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Creating a real-time Trace listener with WCF

By , 17 Feb 2008
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Introduction

This is a trace listener that can be used over a network. I.e., if you have trace messages being written in your application and want to listen to them over the network, you can add a DLL in the bin directory of the app, add a few lines in the config file, and you are ready to listen remotely.

Background

I searched for some similar articles and the above one was close, but needed inclusion into the project being developed. I wanted to be able to have a pristine production service running without anything attached to it in the way of debugging and then, if needed, drop in a DLL and a few config entries and be able to listen to it.

Because of this, I'm not terribly worried about performance. That being said, I used OneWay WCF attributes so it doesn't wait for a response when writing each trace, it just dumps the message and continues.

Using the code

The good news is that in order to use it, you only need code similar to the below in your config file:

<system.diagnostics>
 <trace autoflush="true" indentsize="4">
  <listeners>
   <add name="NetworkTraceListener" 
     type="NetworkTraceListener.TraceClient, NetworkTraceListener"/>
  </listeners>
 </trace>
</system.diagnostics>

<!--<span class="code-comment">WCF config for NetworkTraceListener, pointing to viewer--></span>
<system.serviceModel>
 <client>
   <endpoint 
      address="net.tcp://localhost:8001/NetworkTraceListenerViewer/service" 
      binding="netTcpBinding" contract="ITraceServer" />
 </client>
</system.serviceModel>

Points of interest

You'll need NUnit 4.0 to compile the solution - or remove the test project. To use, launch the WPF app which is the viewer and server, and then include the above and the compiled NetworkTraceListener.dll in the project you want to listen to. You should see the messages in the viewer application.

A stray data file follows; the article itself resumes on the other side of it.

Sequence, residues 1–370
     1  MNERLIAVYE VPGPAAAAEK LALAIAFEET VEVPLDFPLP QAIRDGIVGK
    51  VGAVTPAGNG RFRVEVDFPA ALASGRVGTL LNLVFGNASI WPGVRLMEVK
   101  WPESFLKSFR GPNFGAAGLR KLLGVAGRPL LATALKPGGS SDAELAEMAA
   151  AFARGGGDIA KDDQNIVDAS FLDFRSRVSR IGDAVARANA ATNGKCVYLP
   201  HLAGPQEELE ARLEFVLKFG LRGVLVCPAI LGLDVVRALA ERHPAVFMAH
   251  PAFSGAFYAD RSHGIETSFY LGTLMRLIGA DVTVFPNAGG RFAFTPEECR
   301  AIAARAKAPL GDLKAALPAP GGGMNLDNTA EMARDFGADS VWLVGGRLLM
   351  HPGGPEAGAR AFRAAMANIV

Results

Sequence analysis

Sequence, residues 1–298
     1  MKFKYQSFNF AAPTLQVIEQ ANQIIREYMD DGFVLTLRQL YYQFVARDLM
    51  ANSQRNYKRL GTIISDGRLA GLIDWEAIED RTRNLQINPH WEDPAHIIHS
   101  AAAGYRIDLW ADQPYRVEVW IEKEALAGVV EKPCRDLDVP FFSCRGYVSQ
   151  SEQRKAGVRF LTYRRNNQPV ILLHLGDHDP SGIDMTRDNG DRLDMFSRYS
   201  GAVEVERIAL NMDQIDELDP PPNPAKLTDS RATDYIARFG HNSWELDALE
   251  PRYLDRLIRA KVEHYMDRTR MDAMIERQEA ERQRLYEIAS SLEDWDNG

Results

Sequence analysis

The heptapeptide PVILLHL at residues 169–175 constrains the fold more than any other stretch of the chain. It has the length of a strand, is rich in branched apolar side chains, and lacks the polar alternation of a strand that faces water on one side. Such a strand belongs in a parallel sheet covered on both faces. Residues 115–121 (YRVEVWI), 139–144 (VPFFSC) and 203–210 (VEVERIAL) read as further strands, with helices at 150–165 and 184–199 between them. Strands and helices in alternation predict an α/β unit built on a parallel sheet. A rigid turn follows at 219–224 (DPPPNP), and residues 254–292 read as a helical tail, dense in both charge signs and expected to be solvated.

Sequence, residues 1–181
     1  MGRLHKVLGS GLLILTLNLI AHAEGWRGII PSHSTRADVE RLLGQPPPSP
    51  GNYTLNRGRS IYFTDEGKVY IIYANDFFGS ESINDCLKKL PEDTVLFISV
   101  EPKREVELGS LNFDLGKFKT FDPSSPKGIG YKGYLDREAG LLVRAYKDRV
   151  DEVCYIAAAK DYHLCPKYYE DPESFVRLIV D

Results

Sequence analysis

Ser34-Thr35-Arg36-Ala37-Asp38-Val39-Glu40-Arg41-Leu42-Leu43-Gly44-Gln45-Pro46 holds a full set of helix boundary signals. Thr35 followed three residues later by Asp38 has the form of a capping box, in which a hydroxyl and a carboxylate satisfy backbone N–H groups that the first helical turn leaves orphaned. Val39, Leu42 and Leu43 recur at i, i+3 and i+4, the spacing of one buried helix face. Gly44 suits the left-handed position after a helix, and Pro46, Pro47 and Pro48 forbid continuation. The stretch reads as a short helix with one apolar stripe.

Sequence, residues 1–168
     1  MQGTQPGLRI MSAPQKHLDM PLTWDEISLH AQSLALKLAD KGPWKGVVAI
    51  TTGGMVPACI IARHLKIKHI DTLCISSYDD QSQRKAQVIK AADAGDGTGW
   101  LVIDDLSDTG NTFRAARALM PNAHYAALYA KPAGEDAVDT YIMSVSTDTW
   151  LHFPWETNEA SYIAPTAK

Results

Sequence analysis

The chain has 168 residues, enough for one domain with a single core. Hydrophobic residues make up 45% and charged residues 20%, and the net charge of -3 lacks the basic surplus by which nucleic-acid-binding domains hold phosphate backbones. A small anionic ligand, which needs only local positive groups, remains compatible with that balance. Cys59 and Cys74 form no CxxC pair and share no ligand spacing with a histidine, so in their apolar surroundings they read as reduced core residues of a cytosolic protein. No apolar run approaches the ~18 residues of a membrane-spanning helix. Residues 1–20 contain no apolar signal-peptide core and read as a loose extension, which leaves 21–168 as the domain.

I used a static Start and Stop method on TraceServer rather than an instance. This was for convenience to get this thing going quickly. If I used an instance class, I would need some way of getting the events from the WCF instance to the separate instance used to start/stop. I didn't foresee needing multiple viewers in the same process, so it seemed the simple way to go.

The TraceClient does something unusual, in that it eats all exceptions. I didn't ever want a communication failure, listener being closed, etc. to cause an app to fail when all I wanted to do was listen to the trace messages. I didn't bother logging those issues because I'm not interested in them and because trying to do additional writing in a Trace listener has caused me some problems in the past.

WCF was very easy to use - I was very happy with how simple it was to setup network functionality without too much wrangling with ports and sockets and what not.

Here is the unit test which confirms that a server can be instantiated, a client can write a couple messages, and they are received:

[Test]
public void TestSingleStartStopWithSendOk()
{
    int MessageCount = 0;
    try
    {
        AutoResetEvent ServerStartWait = new AutoResetEvent(false);
        
        TraceServer.ServiceListening += 
          new TraceServer.ServiceListeningType(delegate(object o, EventArgs e) {
            ServerStartWait.Set();
        });

        TraceServer.Start();
        TraceServer.MessageReceived += 
          new TraceServer.MessageReceivedType(delegate (string Message) {
            MessageCount++;
        });

        //wait for server to start w/ timeout of 20 seconds
        ServerStartWait.WaitOne(20000, true);

        TraceClient client = new TraceClient();
        client.WriteLine("test1");
        client.WriteLine("test2");
        client.Flush();


        //allow time for messages to be sent before forcing connection closed
        Thread.Sleep(1000); 
        client.Close();
    }
    finally
    {
        TraceServer.Stop();
    }
    Assert.AreEqual(2, MessageCount);
}

ToDo

Add a "gratuitous animation" checkbox which enables Star Wars style scrolling trace messages as received. Possible "gratuitous audio" checkbox with theme music.

History

  • 17-Feb-2008 - Initial version.

License

This article, along with any associated source code and files, is licensed under The Code Project Open License (CPOL)

About the Author

Paul B.

United States United States
I've been a software developer since 1996 and have enjoyed C# since 2003. I have a Bachelor's degree in Computer Science and for some reason, a Master's degree in Business Administration. I currently do software development contracting/consulting.

Comments and Discussions

 
Questionupdates ? Pinmemberalhambra-eidos30-Mar-11 21:51 
AnswerRe: updates ? PinmemberPaul B.31-Mar-11 3:42 

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